Debilitating injuries and illnesses are an unfortunate reality for many veterans. When these conditions prevent a former servicemember from maintaining employment after being discharged from the military, a successful Total Disability based on Individual Unemployability (TDIU) claim in Parkersburg could replace their lost income.
There are many eligibility requirements a veteran must meet before they can receive TDUI benefits from the Department of Veterans Affairs (VA). In fact, it is not unusual for first-time filers to see their claims denied on technical grounds. An experienced VA disability claims attorney could advise you on your options for pursuing TDIU claims.
To qualify for TDIU benefits, a veteran must be unable to maintain gainful employment due to a service-connected disability. These impairments must be a direct result of their active duty military service. Any injury or illness that occurs from active duty service training or even administrative roles could qualify for disability compensation.
It is important to understand how the VA defines “gainful employment.” Not all forms of employment qualify as gainful, meaning it may be possible to maintain some degree of part-time work while remaining eligible for TDUI coverage in Parkersburg.
The VA considers employment “gainful” if it pays equal to or more than the poverty level established under federal law. The federal government determines the amount of annual income that qualifies as the poverty level each year.
A veteran’s unemployability is central to their TDIU claim. To receive benefits at the 100 percent disability rating regardless of whether their impairment meets that threshold, former servicemembers must satisfy two criteria that determine whether they are unemployable due to one or more disabilities.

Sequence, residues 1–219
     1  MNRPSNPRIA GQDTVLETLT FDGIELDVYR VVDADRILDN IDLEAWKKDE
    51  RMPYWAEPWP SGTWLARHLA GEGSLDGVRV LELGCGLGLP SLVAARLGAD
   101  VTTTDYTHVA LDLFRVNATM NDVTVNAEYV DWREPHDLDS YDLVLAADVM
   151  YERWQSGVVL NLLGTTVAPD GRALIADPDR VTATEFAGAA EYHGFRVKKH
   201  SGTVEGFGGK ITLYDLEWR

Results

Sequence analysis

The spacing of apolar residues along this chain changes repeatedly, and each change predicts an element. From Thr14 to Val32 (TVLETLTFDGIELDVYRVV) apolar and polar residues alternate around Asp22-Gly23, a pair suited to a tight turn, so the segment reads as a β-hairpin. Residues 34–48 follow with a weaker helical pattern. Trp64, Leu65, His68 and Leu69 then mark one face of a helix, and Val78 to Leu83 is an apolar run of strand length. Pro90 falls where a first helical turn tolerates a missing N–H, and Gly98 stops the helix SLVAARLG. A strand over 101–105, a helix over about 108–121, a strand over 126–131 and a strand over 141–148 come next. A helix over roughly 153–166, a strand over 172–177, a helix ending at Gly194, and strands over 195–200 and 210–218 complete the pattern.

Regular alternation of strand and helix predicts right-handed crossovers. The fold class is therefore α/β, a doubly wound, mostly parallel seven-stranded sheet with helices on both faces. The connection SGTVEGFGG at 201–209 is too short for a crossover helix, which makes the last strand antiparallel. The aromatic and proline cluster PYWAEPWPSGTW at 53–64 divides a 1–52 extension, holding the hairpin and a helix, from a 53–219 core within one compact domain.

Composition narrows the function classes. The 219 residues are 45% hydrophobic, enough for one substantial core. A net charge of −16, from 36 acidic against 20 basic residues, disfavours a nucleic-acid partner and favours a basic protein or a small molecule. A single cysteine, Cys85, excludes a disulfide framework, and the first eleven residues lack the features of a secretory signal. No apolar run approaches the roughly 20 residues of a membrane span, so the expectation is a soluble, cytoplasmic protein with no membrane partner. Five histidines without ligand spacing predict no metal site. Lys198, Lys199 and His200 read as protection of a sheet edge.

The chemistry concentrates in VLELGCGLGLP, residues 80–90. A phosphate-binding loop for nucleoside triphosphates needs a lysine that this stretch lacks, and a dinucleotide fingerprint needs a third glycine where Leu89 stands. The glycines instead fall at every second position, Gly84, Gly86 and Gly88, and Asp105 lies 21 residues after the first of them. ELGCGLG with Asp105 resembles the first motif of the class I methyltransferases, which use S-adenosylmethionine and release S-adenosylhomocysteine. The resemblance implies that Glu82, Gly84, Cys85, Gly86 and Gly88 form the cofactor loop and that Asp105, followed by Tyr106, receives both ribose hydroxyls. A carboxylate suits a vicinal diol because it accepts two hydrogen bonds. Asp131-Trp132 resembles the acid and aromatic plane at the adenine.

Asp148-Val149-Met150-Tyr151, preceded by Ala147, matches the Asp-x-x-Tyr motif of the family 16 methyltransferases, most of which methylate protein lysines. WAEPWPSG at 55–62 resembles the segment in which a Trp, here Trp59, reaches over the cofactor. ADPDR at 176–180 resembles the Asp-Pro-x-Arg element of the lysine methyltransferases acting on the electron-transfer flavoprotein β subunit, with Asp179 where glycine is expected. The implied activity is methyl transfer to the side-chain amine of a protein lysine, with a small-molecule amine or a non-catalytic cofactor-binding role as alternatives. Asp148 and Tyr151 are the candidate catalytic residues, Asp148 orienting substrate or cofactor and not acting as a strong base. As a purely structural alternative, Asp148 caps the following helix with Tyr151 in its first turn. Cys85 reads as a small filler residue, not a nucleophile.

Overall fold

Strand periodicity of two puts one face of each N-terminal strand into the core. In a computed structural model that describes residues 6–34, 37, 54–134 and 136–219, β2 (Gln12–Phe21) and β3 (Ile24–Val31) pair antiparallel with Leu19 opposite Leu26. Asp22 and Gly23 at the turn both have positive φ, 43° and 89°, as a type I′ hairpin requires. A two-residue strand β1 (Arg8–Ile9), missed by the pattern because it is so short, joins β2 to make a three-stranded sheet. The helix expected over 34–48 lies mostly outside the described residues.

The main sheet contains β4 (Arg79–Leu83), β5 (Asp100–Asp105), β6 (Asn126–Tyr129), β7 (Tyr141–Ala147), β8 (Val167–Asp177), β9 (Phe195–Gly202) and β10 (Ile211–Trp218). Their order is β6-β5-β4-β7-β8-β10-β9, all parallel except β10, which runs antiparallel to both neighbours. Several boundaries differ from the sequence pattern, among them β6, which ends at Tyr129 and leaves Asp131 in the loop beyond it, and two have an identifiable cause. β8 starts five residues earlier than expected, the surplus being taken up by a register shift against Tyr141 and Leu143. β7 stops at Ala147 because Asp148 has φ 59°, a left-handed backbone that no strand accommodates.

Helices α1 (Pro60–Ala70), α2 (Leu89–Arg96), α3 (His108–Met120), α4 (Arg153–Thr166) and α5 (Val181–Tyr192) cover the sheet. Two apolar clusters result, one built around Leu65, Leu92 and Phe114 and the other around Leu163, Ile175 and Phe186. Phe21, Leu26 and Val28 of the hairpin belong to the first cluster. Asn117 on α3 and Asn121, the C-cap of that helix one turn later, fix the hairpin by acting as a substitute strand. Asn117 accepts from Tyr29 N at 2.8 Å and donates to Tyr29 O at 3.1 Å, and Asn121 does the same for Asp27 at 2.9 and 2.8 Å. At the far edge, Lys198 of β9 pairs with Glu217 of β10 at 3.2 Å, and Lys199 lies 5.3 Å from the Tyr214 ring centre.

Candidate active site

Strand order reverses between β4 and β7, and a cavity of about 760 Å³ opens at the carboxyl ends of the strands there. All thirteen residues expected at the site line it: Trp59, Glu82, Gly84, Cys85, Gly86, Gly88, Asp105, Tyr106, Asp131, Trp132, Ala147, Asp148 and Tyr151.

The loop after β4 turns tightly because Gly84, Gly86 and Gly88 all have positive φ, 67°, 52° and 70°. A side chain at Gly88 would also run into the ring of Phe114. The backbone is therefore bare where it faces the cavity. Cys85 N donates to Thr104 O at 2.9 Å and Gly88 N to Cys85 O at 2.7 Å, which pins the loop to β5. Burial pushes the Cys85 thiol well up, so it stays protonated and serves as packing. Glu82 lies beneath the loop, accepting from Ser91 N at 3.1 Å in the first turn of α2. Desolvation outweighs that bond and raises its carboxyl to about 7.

First, the veteran must have a service-related condition that results in a disability rating of 60 percent or more. Alternatively, they could be awarded TDIU benefits if they suffer from two separate conditions with a combined rating of 70 percent or more. Second, an applicant for TDIU must be unable to maintain employment as a direct result of their disability.
A successful claim will not only require medical evidence of the condition, but also documentation of the veteran’s unemployment status. In addition to establishing unemployability, proving that a disability resulted from active duty can be challenging without the assistance of a Parkersburg attorney who is familiar with TDIU claims.
One of the major differences between TDIU benefits and a 100 percent rating for a disability is the ability to work in the future. If a veteran receives maximum VA disability benefits, there are no restrictions on their ability to maintain employment. The same cannot be said for TDIU benefits.
TDIU is predicated on a veteran’s inability to maintain gainful employment. If that person ultimately finds meaningful employment after qualifying as unemployable, the VA will revoke their TDIU benefits.
This does not mean any form of employment will lead to the cancellation of TDIU benefits. Former servicemembers may work part-time jobs to earn wages up to the annual poverty level limit. Otherwise, earning compensation above that threshold would put their TDIU eligibility at risk.
If you are considering filing a TDIU claim, you do not have to pursue this complex process alone. Without legal guidance, you could put your claim at risk of denial, even if you meet all of the VA’s criteria.
Let an experienced VA benefits attorney advise you on how to proceed with a Total Disability based on Individual Unemployability (TDIU) claim in Parskersburg. To get started, schedule your confidential case evaluation as soon as possible.